YouTube's Subscription Plan May Be Crazy Enough to Work

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YouTube fans who hate the ever-growing number of ads popping up may soon be able to buy their way out of the marketing missives. Speaking at last week's Code/Media conference, YouTube content chief Robert Kyncl announced that a new premium subscription model may be on the way later this year.

Kyncl was taking about the site's long-anticipated Music Key program, which will offer up streaming music videos free of the ads. However, many of the leading outlets reporting the news initially misreported Kyncl's comments. They talked up the new offering as a way for premium viewers to obliterate ads across all of the site. This culminated with CNBC,, Yahoo (YHOO) and others playing this up as YouTube's response to Netflix (NFLX).

Google's (GOOG) (GOOGL) YouTube was able to get most of the initial reports to clarify that it's just the music subscription model that is being fine-tuned ahead of a public launch in a few months. This will be more of a shot at Spotify or Pandora (P) than it will be a fight with Netflix for home theater disruption. Then again, it's probably just a matter of time before it does come face to face with Netflix for prime time supremacy.

The Bumpy Road to Premium Subscriptions

YouTube runs the world's largest video-sharing website. There are now more than a billion users, watching hundreds of millions of hours of content a day. There are plenty of video sites out there, but YouTube's watch time soared 50 percent in 2014.

However, unlike Netflix, which is primarily enjoyed on large TV screens through set-top boxes, tethered computers and video game consoles, YouTube remains a desktop and mobile diversion. Google pointed out in its most recent earnings call that mobile revenue through YouTube has doubled over the past year.

This naturally makes it easier to compare YouTube to music-streaming and other apps that are also mostly consumed on smartphones and tablets, making it a natural for Google to dive into a premium music service before giving the site itself the inevitable push to premium. Google recently rolled out a beta version of Music Key, and now we know that the public launch is just some fine-tuning away.

Pay to Play

The challenge for Google will be getting people to pay. It hasn't done a very good job of that in the past. Its first notable foray into premium offerings was when it added five critically acclaimed Sundance-screened films five years ago, serving them up as digital rentals for $3.99 apiece. It was a flop.

YouTube's next push came in 2013 when it approached some of its biggest stars to set aside exclusive content that would be made available to premium subscribers paying between $1 and $5 for each channel. That move also failed to gain sizable traction.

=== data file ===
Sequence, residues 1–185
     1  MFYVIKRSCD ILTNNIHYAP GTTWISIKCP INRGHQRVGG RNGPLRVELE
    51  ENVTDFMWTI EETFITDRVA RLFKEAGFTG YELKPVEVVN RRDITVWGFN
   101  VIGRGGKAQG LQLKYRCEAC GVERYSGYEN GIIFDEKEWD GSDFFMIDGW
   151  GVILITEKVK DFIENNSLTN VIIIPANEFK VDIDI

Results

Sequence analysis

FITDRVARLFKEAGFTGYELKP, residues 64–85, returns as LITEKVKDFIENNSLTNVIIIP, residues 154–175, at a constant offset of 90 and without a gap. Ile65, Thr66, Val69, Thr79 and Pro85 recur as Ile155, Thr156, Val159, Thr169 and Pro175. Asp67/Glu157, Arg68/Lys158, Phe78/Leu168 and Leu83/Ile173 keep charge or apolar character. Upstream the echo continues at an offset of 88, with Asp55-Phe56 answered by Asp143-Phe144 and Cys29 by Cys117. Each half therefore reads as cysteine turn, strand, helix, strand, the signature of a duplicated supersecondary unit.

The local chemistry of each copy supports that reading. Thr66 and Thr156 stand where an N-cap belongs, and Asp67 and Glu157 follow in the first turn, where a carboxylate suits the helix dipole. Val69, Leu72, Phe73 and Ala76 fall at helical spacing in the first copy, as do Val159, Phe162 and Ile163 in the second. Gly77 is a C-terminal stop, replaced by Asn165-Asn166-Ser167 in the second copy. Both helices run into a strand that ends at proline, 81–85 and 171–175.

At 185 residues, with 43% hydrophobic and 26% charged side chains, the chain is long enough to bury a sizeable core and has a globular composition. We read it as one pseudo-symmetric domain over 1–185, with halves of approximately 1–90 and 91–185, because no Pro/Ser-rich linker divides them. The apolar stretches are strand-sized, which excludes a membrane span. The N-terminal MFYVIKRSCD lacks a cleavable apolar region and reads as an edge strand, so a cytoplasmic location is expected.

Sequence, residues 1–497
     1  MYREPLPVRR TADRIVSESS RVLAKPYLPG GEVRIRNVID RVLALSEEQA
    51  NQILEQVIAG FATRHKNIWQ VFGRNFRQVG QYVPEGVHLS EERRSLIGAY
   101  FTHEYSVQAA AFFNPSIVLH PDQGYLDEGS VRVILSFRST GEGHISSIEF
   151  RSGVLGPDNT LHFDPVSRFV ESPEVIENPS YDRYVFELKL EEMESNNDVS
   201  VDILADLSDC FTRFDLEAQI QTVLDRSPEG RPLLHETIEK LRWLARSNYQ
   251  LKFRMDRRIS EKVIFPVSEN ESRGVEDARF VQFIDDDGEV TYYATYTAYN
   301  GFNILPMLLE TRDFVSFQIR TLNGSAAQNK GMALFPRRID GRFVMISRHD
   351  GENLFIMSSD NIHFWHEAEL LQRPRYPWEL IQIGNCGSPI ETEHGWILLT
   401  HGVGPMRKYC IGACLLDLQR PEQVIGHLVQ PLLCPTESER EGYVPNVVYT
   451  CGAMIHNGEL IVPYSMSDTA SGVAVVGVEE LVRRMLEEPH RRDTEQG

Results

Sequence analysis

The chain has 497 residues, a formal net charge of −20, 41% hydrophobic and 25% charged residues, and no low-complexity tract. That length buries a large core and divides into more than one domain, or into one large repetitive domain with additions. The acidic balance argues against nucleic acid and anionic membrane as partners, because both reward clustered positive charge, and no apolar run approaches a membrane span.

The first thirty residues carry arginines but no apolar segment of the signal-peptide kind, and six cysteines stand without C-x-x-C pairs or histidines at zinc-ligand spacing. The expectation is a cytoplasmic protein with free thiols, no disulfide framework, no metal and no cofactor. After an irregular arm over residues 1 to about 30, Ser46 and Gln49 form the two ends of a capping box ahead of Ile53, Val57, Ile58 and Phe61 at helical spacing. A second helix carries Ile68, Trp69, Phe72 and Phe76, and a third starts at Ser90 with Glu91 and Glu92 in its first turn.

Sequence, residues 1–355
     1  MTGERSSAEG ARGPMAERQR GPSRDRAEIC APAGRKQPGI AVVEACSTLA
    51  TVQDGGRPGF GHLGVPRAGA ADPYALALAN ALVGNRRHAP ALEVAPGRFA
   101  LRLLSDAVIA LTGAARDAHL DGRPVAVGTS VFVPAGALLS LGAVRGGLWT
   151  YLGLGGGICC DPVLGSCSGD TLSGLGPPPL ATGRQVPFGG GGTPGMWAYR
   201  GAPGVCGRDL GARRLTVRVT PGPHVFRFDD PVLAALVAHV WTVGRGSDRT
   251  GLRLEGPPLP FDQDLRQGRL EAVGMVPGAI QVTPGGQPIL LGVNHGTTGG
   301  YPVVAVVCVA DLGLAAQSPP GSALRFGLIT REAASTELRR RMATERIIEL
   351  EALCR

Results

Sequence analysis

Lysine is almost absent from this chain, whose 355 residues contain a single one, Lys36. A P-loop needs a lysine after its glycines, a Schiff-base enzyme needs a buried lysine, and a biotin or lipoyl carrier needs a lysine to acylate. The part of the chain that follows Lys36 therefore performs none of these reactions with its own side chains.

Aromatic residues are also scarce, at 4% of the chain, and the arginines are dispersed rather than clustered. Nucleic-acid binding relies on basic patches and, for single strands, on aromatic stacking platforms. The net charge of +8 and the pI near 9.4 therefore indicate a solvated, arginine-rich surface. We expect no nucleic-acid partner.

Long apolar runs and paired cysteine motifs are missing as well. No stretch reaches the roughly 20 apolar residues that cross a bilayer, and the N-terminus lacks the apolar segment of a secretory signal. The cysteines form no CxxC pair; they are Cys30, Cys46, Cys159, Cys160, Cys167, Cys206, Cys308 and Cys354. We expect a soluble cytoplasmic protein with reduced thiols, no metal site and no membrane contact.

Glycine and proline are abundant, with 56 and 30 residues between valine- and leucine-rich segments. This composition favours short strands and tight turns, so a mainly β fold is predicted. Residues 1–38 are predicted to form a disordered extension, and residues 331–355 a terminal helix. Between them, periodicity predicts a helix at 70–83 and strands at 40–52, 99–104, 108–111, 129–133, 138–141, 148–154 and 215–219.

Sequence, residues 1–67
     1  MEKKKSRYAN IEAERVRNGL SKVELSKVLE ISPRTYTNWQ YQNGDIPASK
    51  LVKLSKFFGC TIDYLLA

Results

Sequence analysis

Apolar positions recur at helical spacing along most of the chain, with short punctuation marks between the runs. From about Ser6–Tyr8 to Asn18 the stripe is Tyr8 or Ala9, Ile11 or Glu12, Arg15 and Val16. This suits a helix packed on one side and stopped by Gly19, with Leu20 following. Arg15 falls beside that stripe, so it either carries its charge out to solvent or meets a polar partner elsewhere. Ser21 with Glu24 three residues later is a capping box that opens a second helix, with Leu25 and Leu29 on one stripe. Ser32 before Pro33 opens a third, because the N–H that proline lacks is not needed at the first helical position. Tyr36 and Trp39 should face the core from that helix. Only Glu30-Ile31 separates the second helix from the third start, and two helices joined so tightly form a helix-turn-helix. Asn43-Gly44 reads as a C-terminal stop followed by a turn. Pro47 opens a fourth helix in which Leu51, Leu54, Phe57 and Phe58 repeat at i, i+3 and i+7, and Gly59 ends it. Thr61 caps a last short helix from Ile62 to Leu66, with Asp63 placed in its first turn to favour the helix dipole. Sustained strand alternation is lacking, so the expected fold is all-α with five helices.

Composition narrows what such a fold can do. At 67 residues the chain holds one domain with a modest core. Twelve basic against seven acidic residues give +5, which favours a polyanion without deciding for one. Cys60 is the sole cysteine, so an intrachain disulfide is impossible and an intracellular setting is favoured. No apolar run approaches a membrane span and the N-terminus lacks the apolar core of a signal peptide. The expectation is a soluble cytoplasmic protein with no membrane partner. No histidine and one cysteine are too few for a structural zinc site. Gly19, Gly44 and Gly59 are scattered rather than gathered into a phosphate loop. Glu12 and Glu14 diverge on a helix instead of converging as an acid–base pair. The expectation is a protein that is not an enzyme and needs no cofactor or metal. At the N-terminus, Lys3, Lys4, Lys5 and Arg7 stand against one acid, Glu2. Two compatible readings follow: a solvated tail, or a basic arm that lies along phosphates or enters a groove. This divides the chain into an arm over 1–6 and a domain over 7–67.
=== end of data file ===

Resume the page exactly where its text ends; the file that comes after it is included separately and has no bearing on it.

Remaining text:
The challenge for YouTube isn't all that different than what Pandora faces these days. Both are sites appealing mostly to freeloaders who are willing to put up with ads for free content. This is why Music Key will face an uphill battle. If an online platform is available as either a free ad-based service or a premium ad-free offering, most folks will go for the free version. If Netflix offered a free service with ads, it would be huge. If HBO did the same thing with HBO Go, it would fly through the roof.

This finds YouTube in a challenging position. Stripping ads isn't enough to win over credit card billing information. It needs to stand out. Music Key may hope to get there given its video catalog, but the site's best shot at succeeding in premium is making the whole site available that way, accompanied by a Netflix-like push to get its app in front of every set-top box, video game console, and smart TV.

Sooner or later, YouTube is going to get premium right. It just may have to stumble a couple more times before that happens. However, even if that never materializes, there's no reason for Google investors to worry. When you're the world leader in online advertising, there's nothing wrong with thriving through an ad-based business.

Motley Fool contributor Rick Munarriz is active on YouTube. His Moonpies channel has amassed nearly 4.5 million views, closing in on 15,000 subscribers. He owns shares of Netflix. The Motley Fool recommends and owns shares of Google (A and C shares), Netflix and Pandora Media. Try any of our Foolish newsletter services free for 30 days. To read about our favorite high-yielding dividend stocks for any investor, check out our free report.
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